South Asia s Looming Holocaust
Vol: 8 Issue: 23 Thursday, May 23, 2002
International fears of an imminent all-out war between India and Pakistan are well grounded as Indian Prime Minister Atal Vaypayee wraps up the last day of his visit to Indian controlled Kashmir.
It was from Kashmir on Tuesday that Vaypayee promised his troops they would soon be engaged in a decisive battle .
Four people have been killed in cross border fighting on Thursday, as villagers flee the border areas in large numbers.
European Affairs Commissioner Chris Patten said yesterday that the coming conflict is unlike the three previous Indo-Pakistani wars.
Both sides launched an all-out arms race to get the Bomb for just such an emergency.
Such is the hatred between the sides that if they hadn t both achieved their goal at the same time, we would now be speaking of at least one of them today in the past tense.
Patten said that now that both are nuclear, there is cause for very, very substantial concern. I don t think anybody is exaggerating how serious this is.
In the West we tend to think of India and Pakistan in abstract terms; we know they are there, and there s lots of em, but it doesn t really make a picture. Try this.
India is home to about a billion people. Make a picture in your mind of a turnstile, like in a subway or an amusement park.
Now imagine people in an endless line, going through the turnstile, one per second, twenty-four hours a day, seven days a week. It would take twelve days at that rate, for a million people to go through the turnstile.
To process the population of India at that rate would take a bit under thirty-two YEARS.
Pakistan is home to a quarter-billion more people.
America, the most powerful nation, culture and people the world has ever seen, is approximately equal in population to Pakistan. This is not a minor flare-up between Third World Nations.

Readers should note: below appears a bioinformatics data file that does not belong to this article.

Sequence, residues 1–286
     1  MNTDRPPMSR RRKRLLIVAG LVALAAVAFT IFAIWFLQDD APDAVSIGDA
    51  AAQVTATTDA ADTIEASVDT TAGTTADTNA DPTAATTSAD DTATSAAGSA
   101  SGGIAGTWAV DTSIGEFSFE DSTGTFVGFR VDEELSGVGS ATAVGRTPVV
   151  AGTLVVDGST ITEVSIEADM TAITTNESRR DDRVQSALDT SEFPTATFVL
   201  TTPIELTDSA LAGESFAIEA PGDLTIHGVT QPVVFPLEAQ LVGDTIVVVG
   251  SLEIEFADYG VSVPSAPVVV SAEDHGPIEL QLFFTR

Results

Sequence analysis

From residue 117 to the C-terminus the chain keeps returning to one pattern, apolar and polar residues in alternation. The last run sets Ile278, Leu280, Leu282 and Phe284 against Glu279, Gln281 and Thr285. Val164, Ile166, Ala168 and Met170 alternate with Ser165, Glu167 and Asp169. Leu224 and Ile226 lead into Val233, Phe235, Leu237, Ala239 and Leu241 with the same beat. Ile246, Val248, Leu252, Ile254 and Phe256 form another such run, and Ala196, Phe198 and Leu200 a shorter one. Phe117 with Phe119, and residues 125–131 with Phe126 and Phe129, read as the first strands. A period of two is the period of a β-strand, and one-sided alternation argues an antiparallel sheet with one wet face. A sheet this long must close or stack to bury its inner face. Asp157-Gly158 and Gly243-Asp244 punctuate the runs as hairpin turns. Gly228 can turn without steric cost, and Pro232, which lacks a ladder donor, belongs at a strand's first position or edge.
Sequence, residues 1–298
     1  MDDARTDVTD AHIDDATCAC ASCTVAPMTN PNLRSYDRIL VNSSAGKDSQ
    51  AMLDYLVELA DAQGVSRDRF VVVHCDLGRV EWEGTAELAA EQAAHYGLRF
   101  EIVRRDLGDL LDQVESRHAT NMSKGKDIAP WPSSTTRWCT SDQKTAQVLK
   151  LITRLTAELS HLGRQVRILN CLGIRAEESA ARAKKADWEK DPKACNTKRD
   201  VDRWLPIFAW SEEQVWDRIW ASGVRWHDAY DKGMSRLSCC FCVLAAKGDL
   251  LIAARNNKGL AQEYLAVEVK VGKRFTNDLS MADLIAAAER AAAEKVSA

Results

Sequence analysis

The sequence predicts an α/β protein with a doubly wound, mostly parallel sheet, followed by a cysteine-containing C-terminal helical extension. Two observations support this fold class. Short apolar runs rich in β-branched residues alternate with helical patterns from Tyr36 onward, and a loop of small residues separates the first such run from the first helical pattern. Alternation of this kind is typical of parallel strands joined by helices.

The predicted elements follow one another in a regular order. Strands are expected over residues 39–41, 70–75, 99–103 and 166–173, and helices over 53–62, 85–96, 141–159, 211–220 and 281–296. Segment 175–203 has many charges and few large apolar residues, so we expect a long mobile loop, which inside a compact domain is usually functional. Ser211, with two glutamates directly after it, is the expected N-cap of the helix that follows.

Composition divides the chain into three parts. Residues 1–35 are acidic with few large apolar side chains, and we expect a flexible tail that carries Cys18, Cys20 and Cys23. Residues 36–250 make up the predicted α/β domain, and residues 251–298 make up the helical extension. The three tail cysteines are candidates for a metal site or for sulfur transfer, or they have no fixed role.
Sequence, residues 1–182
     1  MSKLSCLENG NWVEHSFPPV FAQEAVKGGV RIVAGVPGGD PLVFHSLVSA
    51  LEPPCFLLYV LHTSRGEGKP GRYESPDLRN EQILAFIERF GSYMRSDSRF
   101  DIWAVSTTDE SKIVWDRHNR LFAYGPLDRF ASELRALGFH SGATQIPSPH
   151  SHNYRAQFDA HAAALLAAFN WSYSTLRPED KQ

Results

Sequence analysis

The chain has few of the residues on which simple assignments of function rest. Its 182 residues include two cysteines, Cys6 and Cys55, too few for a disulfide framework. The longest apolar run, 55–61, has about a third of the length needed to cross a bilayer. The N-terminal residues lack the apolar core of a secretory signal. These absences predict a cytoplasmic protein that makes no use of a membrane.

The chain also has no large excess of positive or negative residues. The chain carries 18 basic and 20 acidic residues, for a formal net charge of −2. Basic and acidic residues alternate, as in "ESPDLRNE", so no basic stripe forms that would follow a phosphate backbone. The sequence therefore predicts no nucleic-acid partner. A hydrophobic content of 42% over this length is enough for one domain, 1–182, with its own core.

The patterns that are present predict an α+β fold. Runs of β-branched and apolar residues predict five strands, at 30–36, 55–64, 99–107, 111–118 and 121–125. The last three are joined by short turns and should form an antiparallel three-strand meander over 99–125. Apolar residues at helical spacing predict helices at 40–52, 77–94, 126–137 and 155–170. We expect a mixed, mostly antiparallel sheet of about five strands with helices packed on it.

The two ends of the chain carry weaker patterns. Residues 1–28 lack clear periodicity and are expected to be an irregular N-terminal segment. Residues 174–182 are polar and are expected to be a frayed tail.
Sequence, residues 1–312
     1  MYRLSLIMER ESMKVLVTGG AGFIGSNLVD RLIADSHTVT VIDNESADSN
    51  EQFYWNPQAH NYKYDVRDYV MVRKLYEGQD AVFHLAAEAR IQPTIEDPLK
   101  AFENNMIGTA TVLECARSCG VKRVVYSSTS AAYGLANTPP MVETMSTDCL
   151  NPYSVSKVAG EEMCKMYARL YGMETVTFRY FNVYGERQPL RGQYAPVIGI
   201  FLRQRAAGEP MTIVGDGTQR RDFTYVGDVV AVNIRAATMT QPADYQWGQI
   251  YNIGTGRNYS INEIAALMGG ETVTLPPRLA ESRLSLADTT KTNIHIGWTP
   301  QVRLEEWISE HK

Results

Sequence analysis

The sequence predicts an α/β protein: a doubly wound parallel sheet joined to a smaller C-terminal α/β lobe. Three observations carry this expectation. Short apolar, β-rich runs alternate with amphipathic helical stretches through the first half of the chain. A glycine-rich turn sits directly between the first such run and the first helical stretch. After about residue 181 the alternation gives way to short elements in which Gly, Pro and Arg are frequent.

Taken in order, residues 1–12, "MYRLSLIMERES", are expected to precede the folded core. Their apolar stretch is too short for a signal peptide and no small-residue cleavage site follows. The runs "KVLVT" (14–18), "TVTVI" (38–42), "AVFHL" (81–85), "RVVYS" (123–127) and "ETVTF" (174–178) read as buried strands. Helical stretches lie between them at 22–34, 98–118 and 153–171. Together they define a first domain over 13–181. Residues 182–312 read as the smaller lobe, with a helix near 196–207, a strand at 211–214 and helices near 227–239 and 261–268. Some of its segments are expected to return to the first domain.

The map in the html version of this report [if you receive the text-only version, go to this link http://www.omegaletter.com/briefings.asp%5D gives a good idea of the proximity of the war zone to both Russia and China.
Russia and China sponsored India s and Pakistan s nuclear programs, respectively. As a result, both were sure to limit their client s ability to use those weapons against their patrons.
That limitation on missile technology makes a nuclear exchange survivable, at least partially, for India. That upsets doctrine of Mutually Assured Destruction that kept the US and Soviets from annihilating the world during the Cold War.
And that makes a nuclear war and a Pakistani first strike, inevitable in the event both sides step over the brink and into all out war.
The proximity of China to Pakistan makes the potential conflict even more dangerous if that could be possible. India and Pakistan represent about a sixth of the world s population. China represents another sixth.
Thanks to US involvement in the war on terror, its alliances with both warring sides, its enmity with Beijing over Taiwan and Washington s security commitments throughout the region, it is more than probable a South Asia conflagration could draw Anerica s five percent of the global population into the fray as well.